Is Radical Product Thinking The Future Of Digital Product Design?
Founder & Lead Coach
29th November 2021
Image credit: Holmessu/Adobe
Digital product design has come a long way in just over a decade.
However, controversies continue about how our industry contributes to mental health problems, the disruption of democracies, online harassment, tech addiction, and the erosion of work–life boundaries.
In “Radical Product Thinking”, product leader Radhika Dutt challenges business leaders and designers to focus less on growth and product iteration, and more on their vision for change.
We talked to Radhika about her new book.
Thanks for joining us! In “Radical Product Thinking”, you describe seven “product diseases”. How common are they in the apps and websites we use each day, and what are the consequences?
In the last decade, as Lean Startup and Agile have been widely adopted, we’ve come to believe that iteration is the key to building good products, that if you just iterate enough, you can build world-changing products. We’ve bought into the myth that instead of starting with a vision for the impact we want to create, we can discover our vision along the way.
Unfortunately, when we’re iteration-led, i.e. when our iterations are not driven by a clear vision and strategy, our products become bloated, fragmented, and driven by irrelevant metrics. They catch product diseases — here are three examples:
- Hero Syndrome strikes when we focus on going big and scaling while lacking a focus on what we were setting out to solve in the first place. WeWork has been a recent victim of Hero Syndrome by focusing on scale and fundraising instead of addressing a real market need with a viable business model.
- Obsessive Sales Disorder means borrowing against the long-term vision to close short-term deals. For example, at a startup where we built products for phone companies, each customer asked for their custom version. Our product soon began to look like a service.
- Pivotitis means changing direction whenever things get tough. Common symptoms include wild swings in product offerings, confused customers, and demoralized teams. This is most common in startups but is also found in large companies that change focus often, driven by the loudest stakeholder or customer.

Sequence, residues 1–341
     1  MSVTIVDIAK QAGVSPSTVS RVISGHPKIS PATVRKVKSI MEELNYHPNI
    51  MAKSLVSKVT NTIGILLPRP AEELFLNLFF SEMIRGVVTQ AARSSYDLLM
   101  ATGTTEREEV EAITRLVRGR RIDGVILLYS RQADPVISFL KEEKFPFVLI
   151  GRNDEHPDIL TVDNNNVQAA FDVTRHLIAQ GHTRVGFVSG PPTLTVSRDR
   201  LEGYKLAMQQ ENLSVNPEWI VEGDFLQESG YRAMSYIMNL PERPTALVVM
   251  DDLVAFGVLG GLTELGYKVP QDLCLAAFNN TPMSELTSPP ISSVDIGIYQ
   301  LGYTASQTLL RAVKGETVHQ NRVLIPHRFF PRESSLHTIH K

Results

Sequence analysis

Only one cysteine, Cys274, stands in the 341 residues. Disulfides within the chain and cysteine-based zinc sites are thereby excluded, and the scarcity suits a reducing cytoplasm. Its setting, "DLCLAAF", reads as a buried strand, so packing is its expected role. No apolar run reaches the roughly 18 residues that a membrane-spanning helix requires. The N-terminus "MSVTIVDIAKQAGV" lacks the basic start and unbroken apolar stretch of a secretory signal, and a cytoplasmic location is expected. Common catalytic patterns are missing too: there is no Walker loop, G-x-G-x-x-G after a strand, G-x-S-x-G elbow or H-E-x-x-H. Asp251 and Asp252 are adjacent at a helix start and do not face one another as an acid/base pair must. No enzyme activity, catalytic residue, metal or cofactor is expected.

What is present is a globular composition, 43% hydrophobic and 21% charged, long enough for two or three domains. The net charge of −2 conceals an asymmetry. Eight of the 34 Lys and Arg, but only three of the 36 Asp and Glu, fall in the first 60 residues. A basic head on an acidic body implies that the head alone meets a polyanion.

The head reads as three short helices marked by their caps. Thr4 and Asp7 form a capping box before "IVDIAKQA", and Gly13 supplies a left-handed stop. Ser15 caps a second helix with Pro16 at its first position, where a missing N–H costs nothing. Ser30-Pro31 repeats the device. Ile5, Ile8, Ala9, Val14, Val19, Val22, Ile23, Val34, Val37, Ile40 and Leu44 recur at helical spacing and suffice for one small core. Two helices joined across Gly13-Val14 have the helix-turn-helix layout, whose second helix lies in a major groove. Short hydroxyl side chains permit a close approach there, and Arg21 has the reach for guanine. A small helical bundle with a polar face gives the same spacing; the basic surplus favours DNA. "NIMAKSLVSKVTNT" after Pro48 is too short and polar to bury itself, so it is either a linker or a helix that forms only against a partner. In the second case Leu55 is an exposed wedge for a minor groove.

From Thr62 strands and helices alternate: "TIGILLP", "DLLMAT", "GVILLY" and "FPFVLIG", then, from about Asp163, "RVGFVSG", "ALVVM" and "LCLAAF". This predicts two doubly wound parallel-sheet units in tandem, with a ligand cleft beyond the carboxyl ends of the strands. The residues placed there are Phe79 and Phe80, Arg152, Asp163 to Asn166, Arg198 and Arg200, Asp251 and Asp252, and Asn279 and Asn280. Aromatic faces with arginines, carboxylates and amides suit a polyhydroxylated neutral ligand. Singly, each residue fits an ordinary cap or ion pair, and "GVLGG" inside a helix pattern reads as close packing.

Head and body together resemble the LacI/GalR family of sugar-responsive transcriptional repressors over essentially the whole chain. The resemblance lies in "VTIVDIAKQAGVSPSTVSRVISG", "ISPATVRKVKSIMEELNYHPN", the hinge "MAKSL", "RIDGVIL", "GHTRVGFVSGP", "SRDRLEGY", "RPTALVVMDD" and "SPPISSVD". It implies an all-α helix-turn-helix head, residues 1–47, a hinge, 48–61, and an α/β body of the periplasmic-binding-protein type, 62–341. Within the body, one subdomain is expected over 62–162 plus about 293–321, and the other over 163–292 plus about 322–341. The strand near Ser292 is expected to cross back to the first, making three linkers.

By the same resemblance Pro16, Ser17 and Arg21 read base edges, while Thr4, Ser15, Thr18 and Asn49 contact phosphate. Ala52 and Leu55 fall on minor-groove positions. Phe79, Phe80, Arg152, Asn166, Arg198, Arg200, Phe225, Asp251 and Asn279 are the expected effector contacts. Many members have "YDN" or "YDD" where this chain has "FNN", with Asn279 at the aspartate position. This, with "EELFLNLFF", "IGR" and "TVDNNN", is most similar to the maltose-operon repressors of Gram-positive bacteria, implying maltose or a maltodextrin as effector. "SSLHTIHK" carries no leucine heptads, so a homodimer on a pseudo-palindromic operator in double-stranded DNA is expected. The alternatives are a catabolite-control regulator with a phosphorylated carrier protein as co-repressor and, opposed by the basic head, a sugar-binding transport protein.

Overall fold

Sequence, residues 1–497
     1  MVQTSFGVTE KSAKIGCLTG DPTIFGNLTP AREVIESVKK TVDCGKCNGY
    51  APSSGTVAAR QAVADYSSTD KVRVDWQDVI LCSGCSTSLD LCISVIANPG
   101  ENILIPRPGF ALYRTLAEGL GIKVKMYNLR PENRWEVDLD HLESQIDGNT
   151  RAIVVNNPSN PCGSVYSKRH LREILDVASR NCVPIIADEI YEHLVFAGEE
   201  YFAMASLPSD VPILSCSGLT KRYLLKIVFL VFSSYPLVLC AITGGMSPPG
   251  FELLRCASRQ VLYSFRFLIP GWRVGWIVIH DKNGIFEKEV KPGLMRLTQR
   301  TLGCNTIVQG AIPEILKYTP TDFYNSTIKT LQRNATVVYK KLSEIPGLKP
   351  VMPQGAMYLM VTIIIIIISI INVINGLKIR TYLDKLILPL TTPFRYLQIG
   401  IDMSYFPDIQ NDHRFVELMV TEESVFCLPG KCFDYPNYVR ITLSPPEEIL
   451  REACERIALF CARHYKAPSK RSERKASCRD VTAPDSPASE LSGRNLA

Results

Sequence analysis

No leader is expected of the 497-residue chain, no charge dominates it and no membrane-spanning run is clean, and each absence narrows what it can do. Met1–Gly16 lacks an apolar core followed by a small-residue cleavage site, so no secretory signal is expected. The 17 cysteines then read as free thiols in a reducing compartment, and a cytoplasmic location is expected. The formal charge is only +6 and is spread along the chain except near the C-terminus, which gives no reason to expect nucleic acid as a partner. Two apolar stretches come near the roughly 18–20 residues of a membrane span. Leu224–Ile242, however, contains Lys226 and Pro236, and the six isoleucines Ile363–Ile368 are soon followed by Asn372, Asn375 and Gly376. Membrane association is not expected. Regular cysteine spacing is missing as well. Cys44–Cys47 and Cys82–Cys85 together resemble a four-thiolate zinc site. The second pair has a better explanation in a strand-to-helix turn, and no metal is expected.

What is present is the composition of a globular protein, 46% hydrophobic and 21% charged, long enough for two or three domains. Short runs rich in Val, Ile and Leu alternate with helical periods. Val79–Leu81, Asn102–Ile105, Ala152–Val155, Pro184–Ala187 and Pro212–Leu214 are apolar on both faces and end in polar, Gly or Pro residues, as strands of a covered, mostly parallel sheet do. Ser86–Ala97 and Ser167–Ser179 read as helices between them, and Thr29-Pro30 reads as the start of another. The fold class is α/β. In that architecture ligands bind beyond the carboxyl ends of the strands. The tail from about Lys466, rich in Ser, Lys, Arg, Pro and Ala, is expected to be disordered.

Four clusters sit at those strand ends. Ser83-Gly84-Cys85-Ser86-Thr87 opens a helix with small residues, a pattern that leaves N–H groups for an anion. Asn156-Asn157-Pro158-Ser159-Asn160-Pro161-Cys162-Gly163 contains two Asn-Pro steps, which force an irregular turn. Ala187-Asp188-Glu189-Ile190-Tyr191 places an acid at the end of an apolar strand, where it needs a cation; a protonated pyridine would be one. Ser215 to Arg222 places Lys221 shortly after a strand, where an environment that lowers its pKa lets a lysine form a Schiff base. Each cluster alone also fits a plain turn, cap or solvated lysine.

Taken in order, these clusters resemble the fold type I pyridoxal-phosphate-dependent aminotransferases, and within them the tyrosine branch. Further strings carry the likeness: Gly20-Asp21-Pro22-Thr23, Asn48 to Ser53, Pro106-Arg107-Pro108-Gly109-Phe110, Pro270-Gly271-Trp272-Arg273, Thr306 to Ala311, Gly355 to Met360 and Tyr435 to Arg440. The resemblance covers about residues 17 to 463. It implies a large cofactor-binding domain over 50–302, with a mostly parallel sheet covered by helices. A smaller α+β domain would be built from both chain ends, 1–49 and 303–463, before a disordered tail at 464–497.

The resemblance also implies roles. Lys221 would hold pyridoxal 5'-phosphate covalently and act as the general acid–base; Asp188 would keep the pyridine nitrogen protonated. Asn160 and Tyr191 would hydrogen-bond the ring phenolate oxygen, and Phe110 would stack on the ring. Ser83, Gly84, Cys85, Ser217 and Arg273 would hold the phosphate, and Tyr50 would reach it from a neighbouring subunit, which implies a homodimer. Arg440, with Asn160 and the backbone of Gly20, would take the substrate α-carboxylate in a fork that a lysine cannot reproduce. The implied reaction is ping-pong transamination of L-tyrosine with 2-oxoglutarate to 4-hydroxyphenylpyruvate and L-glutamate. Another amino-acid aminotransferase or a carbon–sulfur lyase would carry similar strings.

In the book I talk about the seven most common product diseases — they make good products go bad and are often fatal to innovation.
What is the essence of Radical Product Thinking, and how did you identify and develop its five elements?
Radical Product Thinking is a methodology for being vision-driven and systematically building world-changing products. The five elements of RPT (Vision, Strategy, Prioritization, Execution and Measurement, and Culture) give organizations a step-by-step process for translating a vision into reality. RPT was born out of the realization that until now in the absence of such a clear process, it was easy to default to being iteration-led and catch product diseases.
True to the name radical, each of these five elements of RPT challenges conventional wisdom. Take the example of vision. For years, vision statements that proclaimed the company’s aspirations “to be number 1 or number 2 in every market”, or “to be the leader in
For a vision to act as a filter, it needs to be detailed and help your team visualize the end-state you want to bring about. This is why the RPT approach to a vision helps you answer profound questions such as whose world you’re trying to change, what their problem is, why the status quo is unacceptable, what the world looks like when you’ve solved the problem and how you’ll bring it about (the who, what, why, when and how questions).
Similarly, each of the other four elements of Radical Product Thinking helps you radically rethink your product and translate your vision into reality, one step at a time. The RDCL Strategy (pronounced “radical”) template helps you translate your vision into a set of actionable steps, the prioritization rubric helps you make and communicate the right tradeoffs between the long-term and the short-term on a 2x2 matrix of Vision vs. Survival. And finally, the Execution and Measurement plan helps you derive metrics from your vision and strategy so you can measure what matters for your business. These elements of RPT are helping teams around the world build vision-driven products.
How important is the “culture” pillar of Radical Product Thinking, and what’s most fundamental to a company or product team’s culture?
To build vision-driven products, you need a culture that maximizes intrinsic motivation in the team. In everyday work, employees repeatedly face the choice of taking shortcuts or putting in more effort; motivated employees are more likely to invest in your collective vision. This is why culture is a pillar of Radical Product Thinking. When you have the right culture, it makes it easier to apply the RPT approach, which in turn makes work feel more meaningful and improves culture — it’s a positive feedback loop.
Just as we work to continuously improve our products, our culture too can be thought of as a product and improved continuously. What’s most important is a deliberate approach to culture — just as we need to be deliberate about building a product, we also need to be deliberate about engineering a good culture systematically. The Radical Product Thinking book offers a rubric to help us visualize what a good culture looks like (a vision for the end-state) so we can compare our current culture against this vision, then craft a strategy to improve it, and measure progress.
In the final part of the book, you talk about “digital pollution” and the ethical responsibilities of product teams. If a designer could change just one thing about their thinking or practice, what should it be?